Act Naturally > To save coastal dunes, here’s a plum good idea

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Once-thriving native plant making a big comeback

In December 2001, the agriculture department of Cornell University released a report on the beach plum plant entitled, “Small Farm Sustainability through Crop Diversification and Value-Added Products.” The report set forth a plan to reintroduce the once-plentiful prunus maritimis to more coastal communities, for two very good reasons: first, as one of few plants that can grow and thrive in pure sand, the deep-rooted plant offers a great way to inexpensively and organically preserve coastal dunes. Second and just as important, the fruit tastes just great.

For these insights, researchers didn’t have to commission a study. They simply could have asked Alma George, whose family has grown beach plums for five generations.

“My great-great-grandfather had beach plums growing on his property, and I grew up harvesting them, year after year,” said George, who now has an orchard of 2,000 beach plum trees on a farm in Ocean View.

Some of those trees, she said, “are just sticks with leaves.” But she expects to produce 700 pounds of fruit this year. “Next year, we’ll double it, if not more.”

As vice president of the Cape May County Beach Plum Association, George is in the vanguard of a growing effort to make the beach plum a commercially viable crop throughout the East Coast.

“The beach plum used to be prevalent in our coastal communities, but in many cases we built on top of it,” said George. Though the indigenous plant grows in abundance at Higbee Beach in Cape May, and at Island Beach State Park near Toms River (“They have to chainsaw them back from the parking lot,” said George), in many cases, the hardy shrub must be brought back. In recent years, both Sea Isle City and Ocean City have planted beach plums, and Ocean City will plant 175 more in November.

Fortunately for these communities, once the plants are in the ground, they require almost no maintenance. The woody shrubs are drought-tolerant, and bend without breaking in bad weather. Their root systems reach deep into the sand or soil for water, creating a maze of sturdy underground tendrils that hold the sand in place.

Cape May County agriculture agent Jenny Carleo said the beach plum is “not in a precarious position, but kind of an exciting position. The association has made great strides in producing and cultivating the plants, and increasing knowledge and awareness of the fruit. That in turn has created a demand for products—beach plum wine, jams and jellies.”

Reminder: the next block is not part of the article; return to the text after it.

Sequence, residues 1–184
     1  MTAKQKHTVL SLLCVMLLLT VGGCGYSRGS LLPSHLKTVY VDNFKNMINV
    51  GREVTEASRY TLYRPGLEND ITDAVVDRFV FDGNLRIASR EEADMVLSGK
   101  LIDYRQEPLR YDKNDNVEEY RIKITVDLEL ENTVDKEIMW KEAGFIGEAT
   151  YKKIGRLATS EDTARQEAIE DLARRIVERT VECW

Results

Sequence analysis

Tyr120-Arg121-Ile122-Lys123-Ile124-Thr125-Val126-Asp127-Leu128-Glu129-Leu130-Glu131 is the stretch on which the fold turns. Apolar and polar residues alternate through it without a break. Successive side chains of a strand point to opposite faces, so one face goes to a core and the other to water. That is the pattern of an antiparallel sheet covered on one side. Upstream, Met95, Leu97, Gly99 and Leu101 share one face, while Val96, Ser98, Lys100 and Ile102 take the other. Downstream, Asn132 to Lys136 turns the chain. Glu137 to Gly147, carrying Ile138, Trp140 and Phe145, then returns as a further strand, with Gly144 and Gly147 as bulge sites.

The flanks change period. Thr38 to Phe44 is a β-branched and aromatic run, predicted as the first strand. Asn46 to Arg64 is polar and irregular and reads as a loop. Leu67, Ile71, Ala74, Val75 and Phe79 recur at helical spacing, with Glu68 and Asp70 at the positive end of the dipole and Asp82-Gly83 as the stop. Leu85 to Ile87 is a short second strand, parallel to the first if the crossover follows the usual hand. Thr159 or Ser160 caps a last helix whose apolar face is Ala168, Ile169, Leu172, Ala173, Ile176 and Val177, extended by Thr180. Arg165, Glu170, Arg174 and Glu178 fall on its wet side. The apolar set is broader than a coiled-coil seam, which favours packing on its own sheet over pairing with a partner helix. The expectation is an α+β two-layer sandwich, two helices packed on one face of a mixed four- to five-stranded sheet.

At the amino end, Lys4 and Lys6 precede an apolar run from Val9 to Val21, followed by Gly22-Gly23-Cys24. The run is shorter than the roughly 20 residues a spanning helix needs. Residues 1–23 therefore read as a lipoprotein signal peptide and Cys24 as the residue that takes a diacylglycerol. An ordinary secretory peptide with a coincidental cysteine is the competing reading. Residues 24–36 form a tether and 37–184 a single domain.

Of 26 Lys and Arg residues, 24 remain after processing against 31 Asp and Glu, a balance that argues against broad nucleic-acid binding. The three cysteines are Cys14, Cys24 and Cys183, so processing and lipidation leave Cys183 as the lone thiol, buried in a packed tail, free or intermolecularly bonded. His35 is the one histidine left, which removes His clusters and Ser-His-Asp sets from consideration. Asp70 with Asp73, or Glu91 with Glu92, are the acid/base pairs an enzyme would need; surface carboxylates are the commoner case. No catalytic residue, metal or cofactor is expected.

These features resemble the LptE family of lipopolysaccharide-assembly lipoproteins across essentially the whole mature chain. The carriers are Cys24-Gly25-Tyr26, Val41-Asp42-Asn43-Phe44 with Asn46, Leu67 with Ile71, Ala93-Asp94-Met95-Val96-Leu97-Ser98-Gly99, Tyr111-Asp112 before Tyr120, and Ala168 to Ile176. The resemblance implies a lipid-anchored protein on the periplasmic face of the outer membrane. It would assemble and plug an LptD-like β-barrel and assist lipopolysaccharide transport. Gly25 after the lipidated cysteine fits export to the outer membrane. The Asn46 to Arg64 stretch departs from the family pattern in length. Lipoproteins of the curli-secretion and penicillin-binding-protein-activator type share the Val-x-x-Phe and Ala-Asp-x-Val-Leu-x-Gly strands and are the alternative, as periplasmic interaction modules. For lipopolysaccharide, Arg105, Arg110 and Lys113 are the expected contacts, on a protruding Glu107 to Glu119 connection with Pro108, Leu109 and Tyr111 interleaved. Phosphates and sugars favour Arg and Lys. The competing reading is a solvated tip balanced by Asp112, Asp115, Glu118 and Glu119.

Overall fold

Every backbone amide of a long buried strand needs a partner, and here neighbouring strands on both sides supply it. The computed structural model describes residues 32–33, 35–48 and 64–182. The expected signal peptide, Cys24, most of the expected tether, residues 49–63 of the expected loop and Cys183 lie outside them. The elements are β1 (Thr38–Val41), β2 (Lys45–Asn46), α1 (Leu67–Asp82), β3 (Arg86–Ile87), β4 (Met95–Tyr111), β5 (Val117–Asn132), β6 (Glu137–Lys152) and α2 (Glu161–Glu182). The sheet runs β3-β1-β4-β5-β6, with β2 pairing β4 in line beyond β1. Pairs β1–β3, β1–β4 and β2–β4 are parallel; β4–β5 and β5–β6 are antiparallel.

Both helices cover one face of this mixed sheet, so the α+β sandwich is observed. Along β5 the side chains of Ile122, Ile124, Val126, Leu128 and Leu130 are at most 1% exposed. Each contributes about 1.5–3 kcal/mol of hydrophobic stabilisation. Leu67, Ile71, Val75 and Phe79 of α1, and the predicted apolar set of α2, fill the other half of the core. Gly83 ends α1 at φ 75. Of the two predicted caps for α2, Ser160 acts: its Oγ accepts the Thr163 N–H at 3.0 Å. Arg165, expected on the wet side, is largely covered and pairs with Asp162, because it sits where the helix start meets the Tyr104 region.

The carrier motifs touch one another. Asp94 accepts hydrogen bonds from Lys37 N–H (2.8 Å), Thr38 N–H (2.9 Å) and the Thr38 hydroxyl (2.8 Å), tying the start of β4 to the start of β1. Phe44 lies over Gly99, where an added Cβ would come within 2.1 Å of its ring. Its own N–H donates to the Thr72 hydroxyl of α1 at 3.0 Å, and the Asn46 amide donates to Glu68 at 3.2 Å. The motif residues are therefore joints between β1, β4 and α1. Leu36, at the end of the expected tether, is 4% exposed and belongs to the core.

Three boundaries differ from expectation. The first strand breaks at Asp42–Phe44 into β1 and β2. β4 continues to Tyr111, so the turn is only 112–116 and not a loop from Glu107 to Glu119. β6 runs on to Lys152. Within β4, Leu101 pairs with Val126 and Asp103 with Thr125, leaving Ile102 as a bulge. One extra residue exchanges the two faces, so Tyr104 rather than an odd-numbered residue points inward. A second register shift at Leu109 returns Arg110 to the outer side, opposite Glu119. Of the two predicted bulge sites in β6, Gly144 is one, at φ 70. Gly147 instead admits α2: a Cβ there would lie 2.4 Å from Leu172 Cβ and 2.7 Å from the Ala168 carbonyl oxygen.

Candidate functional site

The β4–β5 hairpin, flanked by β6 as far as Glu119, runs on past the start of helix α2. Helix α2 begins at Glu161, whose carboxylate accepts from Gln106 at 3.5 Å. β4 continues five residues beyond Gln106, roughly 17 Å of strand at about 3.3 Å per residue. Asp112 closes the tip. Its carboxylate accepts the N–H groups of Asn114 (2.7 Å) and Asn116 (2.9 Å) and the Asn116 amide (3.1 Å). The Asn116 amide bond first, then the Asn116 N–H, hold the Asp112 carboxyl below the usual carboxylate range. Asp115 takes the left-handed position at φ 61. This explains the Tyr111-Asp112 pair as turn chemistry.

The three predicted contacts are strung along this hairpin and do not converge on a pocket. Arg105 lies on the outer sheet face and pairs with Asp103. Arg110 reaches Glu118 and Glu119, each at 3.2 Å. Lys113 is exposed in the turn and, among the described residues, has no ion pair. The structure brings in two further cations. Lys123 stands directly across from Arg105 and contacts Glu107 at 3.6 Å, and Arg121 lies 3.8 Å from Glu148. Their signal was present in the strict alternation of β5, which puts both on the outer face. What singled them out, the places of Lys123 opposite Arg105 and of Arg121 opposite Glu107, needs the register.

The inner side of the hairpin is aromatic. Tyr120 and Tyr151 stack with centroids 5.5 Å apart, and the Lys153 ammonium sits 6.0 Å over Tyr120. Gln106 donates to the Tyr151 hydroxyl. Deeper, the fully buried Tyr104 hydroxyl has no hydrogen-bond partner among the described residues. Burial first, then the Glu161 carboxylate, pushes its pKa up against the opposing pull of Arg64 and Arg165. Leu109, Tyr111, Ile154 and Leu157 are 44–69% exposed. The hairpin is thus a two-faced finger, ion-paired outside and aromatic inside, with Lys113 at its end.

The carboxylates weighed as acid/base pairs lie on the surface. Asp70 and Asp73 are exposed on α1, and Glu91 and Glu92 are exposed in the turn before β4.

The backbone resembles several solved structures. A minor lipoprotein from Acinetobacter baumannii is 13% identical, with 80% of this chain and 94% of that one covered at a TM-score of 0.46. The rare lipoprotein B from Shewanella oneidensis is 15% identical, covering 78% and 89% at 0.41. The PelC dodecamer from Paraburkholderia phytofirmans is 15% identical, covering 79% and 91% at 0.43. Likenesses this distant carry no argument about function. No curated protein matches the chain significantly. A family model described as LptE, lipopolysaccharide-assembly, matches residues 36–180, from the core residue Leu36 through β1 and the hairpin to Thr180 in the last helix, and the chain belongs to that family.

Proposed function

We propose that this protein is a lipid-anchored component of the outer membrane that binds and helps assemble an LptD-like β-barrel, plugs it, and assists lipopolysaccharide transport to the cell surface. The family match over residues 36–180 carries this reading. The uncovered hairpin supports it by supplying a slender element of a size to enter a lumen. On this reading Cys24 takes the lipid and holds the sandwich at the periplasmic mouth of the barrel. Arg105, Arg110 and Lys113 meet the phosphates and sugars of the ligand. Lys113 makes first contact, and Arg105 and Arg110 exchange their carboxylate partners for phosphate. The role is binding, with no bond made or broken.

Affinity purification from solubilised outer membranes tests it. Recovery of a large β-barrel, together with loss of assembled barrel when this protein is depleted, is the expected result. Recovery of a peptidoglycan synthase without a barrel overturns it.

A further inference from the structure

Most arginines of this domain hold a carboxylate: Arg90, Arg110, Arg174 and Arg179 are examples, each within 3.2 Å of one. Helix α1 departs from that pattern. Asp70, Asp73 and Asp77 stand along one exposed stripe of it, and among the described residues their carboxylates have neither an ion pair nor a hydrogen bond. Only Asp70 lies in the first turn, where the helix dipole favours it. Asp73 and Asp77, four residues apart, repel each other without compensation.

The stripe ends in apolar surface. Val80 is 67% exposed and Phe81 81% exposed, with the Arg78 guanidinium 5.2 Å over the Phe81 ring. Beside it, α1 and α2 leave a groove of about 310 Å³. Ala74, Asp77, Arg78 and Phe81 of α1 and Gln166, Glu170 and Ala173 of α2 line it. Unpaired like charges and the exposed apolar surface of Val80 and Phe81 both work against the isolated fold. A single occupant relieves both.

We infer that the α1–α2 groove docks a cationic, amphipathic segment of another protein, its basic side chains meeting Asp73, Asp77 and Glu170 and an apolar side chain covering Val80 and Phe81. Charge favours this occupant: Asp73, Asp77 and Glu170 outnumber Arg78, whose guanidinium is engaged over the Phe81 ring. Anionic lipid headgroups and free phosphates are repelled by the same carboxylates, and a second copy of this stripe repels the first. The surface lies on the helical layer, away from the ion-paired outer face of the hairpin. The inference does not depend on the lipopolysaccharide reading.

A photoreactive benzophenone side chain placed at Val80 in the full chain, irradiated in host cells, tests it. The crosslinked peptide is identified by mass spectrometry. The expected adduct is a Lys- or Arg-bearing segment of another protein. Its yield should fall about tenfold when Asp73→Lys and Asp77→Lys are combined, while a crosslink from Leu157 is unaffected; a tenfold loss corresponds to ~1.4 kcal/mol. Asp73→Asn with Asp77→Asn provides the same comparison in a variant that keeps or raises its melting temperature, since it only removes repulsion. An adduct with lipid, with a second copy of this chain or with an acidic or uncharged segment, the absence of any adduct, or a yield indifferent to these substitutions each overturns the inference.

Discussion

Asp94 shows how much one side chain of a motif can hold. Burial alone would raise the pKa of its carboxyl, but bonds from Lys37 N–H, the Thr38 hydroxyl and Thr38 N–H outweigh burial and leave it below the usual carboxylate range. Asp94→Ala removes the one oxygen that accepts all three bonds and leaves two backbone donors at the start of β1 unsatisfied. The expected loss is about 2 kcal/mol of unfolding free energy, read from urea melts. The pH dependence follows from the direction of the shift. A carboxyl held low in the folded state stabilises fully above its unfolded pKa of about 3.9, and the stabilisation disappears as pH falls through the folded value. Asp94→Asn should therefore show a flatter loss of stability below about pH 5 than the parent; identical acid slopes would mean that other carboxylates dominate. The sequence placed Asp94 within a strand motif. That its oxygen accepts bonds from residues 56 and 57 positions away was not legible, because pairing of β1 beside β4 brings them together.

At one time, researchers who recognized the plant’s value for dune restoration and preservation ignored the actual fruit, which has been documented since the 16th century, when its virtues were extolled by explorers Henry Hudson and Giovanni Verrazano.

The researchers “would keep the stone, but throw away the fruit,” said George, with an exasperated laugh. “We showed them the error of their ways.”

She said the fruit tastes different—in her view, better—than typical store-bought plums. “It’s stronger,” she said. “The flesh is sweet, and the skin is tart,” which makes it perfect for home cooking.

The Cape May Beach Plum Association hopes eventually to see the plant growing in profusion all over New Jersey, and beach plum products selling at the level of two other New Jersey favorites, the cranberry and the blueberry.

“I’m a little biased,” said George. “But I think it’s a wonderful fruit.”

Good and good for you

The beach plum is not only tasty, preliminary research indicates that its health-promoting qualities rival those of the cranberry and blueberry, two other Jersey natives long touted for their nutritional benefits.

According to studies done at Rutgers University, consumption of beach plums, like eating cranberries, can help relieve urinary tract infections. And the fruit may contain even more health-sustaining antioxidants than blueberries and cranberries. Antioxidants are said to help stave off heart disease and other serious illnesses, including cancer.

Beach plum wine featured at fest

Natali Vineyards in Goshen now produces a beach plum wine, and will feature the vintage at its Rockin’ Wine Festival, Saturday, Nov. 15 from noon to 5 p.m.

“We are the only winery we know of to make a 100 percent beach plum wine—and that’s in the whole world,” said Natali spokesman Kevin Chelli. “The best way to describe the taste is to think of a plum-flavored Sweet Tart candy.”

Chelli called the wine “perfect for the holidays. We always sell out.”

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